• On March 20, 2019, Waymo announced that it is opening another technical service center in the Phoenix area, an expansion that will allow the autonomous-vehicle technology startup to double its capacity in the area as it prepares to grow its commercial fleet. The new 85,000 square-foot center will be located in Mesa and is expected to open sometime in the second half of the year. 
  • On April 23, 2019, Waymo announced that it is building a factory to turn regular ol’ dumb cars into smart autonomous cars. Months after announcing that it was bringing its self-driving car operation to Michigan, the company said that it would be opening a repurposed factory in Detroit. In the new facility, Waymo will mass manufacture level 4 autonomous vehicles.
  • On May 7, 2019, Lyft announced that the riders in the Phoenix area will soon be able to summon one of Waymo’s self-driving minivans for a ride. It’s the culmination of a partnership that was first announced almost two years ago.
  • On May 10, 2019, Waymo announced that it has enrolled 1,000 customers for its ride-hailing service in suburban Phoenix. Chief Executive Officer John Krafcik touted the milestone while revealing plans to allow select Lyft Inc. users in Arizona to hail Waymo taxis.
  • On May 29, 2019, Waymo announced the news in a tweet that it is bringing its autonomous trucks back to Arizona.
  • On July 2, 2019, The California Public Utilities Commission granted Waymo a permit to participate in the state’s Autonomous Vehicle Passenger Service pilot. A statement from a Waymo spokesperson provides some hints as to how and where the company intends to use this permit.
  • On July 26, 2019, Google said that its DeepMind system is using a type of algorithm called population-based training to mimic natural selection. The algorithm shortcuts the learning process by starting with the most efficient units and then basing future adaptations on those. The same thing is happening with self-driving development. DeepMind selects the aspects of the neural network that are most efficient and uses those when it needs to retrain or adjust its procedures as new data comes in.

In Mar 2020, Navigant Research also released its report where it put Waymo as the top company in its leaderboard chart.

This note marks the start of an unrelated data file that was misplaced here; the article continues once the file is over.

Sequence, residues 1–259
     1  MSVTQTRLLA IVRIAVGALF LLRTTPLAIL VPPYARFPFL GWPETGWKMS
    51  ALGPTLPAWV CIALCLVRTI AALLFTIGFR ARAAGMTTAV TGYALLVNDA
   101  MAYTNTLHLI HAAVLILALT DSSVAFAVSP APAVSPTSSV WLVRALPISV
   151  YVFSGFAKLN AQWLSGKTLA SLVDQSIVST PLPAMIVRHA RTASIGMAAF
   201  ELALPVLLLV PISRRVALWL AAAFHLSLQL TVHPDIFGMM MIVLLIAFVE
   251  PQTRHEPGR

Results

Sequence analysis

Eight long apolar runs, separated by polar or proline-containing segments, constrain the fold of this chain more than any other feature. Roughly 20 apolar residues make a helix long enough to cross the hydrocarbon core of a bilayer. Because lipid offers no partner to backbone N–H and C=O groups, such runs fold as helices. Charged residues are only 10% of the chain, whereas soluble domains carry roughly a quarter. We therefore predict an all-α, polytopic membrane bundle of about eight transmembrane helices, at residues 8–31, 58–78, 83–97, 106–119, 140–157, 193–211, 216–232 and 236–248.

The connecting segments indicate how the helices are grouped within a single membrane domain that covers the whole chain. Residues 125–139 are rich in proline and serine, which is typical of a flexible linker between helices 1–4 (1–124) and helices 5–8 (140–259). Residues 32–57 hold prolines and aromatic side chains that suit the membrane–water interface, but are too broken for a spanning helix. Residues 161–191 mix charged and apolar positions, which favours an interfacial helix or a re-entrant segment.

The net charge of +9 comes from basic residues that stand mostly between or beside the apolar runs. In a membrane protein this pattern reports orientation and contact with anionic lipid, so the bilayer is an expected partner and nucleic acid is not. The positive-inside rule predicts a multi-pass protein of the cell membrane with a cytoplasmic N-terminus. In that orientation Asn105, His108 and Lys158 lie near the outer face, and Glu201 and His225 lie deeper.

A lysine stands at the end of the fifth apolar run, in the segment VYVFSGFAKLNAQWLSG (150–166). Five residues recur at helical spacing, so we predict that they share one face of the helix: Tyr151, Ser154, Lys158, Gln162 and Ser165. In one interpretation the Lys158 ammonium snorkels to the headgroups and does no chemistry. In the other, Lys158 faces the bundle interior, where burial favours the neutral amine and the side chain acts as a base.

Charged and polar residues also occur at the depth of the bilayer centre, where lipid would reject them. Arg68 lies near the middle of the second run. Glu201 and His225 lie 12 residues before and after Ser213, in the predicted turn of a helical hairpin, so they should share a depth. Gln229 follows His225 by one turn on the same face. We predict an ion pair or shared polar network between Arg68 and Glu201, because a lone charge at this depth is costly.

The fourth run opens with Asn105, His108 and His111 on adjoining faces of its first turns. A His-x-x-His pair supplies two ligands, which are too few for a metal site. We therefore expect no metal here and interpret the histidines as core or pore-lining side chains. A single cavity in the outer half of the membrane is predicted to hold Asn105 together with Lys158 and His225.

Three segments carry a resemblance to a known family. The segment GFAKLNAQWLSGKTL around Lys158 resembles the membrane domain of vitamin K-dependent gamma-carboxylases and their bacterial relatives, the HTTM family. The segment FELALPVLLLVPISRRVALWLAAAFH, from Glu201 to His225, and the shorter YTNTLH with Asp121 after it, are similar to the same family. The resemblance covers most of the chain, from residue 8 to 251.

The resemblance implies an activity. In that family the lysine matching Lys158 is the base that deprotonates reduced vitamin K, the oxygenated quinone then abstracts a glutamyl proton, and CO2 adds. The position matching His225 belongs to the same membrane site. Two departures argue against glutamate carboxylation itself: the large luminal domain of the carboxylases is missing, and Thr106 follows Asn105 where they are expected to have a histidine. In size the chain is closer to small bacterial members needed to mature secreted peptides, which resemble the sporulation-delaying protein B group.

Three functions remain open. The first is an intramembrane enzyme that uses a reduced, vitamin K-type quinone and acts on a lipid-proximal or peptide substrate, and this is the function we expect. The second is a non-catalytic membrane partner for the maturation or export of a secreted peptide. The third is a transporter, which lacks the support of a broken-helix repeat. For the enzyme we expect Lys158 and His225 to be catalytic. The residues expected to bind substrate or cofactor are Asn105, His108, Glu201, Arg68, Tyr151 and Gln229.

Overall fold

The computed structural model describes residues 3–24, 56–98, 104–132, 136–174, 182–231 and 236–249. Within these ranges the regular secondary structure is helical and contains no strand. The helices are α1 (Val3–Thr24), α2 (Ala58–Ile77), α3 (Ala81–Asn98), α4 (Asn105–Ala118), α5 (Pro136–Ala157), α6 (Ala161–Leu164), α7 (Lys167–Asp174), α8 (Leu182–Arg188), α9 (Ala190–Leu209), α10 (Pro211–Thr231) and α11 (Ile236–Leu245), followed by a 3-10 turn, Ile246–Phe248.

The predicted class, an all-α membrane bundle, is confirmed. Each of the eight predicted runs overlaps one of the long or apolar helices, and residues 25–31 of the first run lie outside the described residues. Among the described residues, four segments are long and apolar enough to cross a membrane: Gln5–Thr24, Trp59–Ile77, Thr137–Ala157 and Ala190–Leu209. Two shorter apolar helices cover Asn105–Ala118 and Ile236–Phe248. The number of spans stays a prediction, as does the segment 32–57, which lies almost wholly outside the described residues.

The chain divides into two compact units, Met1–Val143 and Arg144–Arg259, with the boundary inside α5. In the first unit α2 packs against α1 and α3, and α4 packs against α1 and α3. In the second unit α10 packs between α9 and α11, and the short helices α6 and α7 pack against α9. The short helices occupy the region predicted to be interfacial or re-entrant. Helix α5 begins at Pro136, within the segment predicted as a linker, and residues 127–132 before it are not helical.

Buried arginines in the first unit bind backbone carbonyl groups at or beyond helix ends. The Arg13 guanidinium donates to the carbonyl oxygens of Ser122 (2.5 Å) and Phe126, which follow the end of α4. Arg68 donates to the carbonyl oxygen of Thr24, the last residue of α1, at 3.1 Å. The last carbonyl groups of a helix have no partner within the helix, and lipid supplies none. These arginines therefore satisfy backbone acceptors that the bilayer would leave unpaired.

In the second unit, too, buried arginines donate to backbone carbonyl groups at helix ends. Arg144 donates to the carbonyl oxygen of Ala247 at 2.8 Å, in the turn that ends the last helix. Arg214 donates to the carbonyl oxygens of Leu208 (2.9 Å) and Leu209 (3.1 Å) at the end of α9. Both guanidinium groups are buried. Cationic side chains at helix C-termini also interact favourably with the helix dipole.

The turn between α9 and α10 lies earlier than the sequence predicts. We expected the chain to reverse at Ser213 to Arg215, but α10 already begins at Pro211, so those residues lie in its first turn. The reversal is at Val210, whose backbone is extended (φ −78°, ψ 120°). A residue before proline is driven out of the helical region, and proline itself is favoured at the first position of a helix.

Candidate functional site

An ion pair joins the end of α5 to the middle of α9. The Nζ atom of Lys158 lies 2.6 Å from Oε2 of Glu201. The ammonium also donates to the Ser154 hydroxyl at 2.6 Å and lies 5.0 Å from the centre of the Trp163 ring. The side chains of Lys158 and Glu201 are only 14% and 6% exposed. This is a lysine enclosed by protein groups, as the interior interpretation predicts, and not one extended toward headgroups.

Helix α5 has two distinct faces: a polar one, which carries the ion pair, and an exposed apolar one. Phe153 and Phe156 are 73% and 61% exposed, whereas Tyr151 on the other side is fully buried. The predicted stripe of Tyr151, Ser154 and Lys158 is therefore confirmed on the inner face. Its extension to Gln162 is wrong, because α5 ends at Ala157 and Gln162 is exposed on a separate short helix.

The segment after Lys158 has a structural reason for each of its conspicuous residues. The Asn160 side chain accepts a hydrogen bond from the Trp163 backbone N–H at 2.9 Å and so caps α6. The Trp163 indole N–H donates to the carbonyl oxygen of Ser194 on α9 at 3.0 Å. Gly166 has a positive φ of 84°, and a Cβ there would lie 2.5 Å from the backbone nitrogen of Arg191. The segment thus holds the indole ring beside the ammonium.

Besides, Google owns multiple patents that secure the technologies used in a self-driving vehicle. 

Patented Innovations

As per the patent data derived by GreyB Research, Google (Waymo) is the top technology company with the most patent count on autonomous driving solutions. 

The patent research company has been tracking Google’s self-driving car patents in its side blog for quite a long time. 

Below are some of the patents I found from the blog:

One patent shows that Google cars are able to pick and drop a person from one place to another and also have the capability to park itself.

Further, another patent discloses a feature that makes the driverless car popular among enterprise fleet managers. A car fleet owner can easily avert misuse of his cars in the following ways –

  1. An owner of the car can prohibit some particular areas and a driver will not be able to drive the car in those prohibited areas.
  2. The fleet manager can impose time restrictions and can prohibit the use of vehicles outside the office hours.
  3. The car generates a log and this log can be used to monitor the performance of a driver.

Moreover, a patent revealed an obstacle detection unit of Google’s driverless car that includes sonar, stereo cameras, a localization camera, a laser, and a radar detection unit.

These sensors help the driverless car’s computer to identify, track and predict the movements of pedestrians, bicycles, and other vehicles on the roadway. And based on the data provided by these sensors, the robotic chauffeur makes driving strategies.

Furthermore, there is another patent that reveals a feature that a driverless car uses its object detection system to identify, track and predict the movements of pedestrians, bicycles, other vehicles, or objects like road signs on the roadway.

If you analyze these are the basic functions of a driverless car which means Google secures the workings of basic functions. 

Also, the core part of a driverless car is not a car but a computer that functions in the car. And we all know how brilliant Google’s capability is when it comes to software and AI.

Needless to say, Google certainly is one of the top contenders of self-driving technology and apparently is the top tech company of self-driving technology.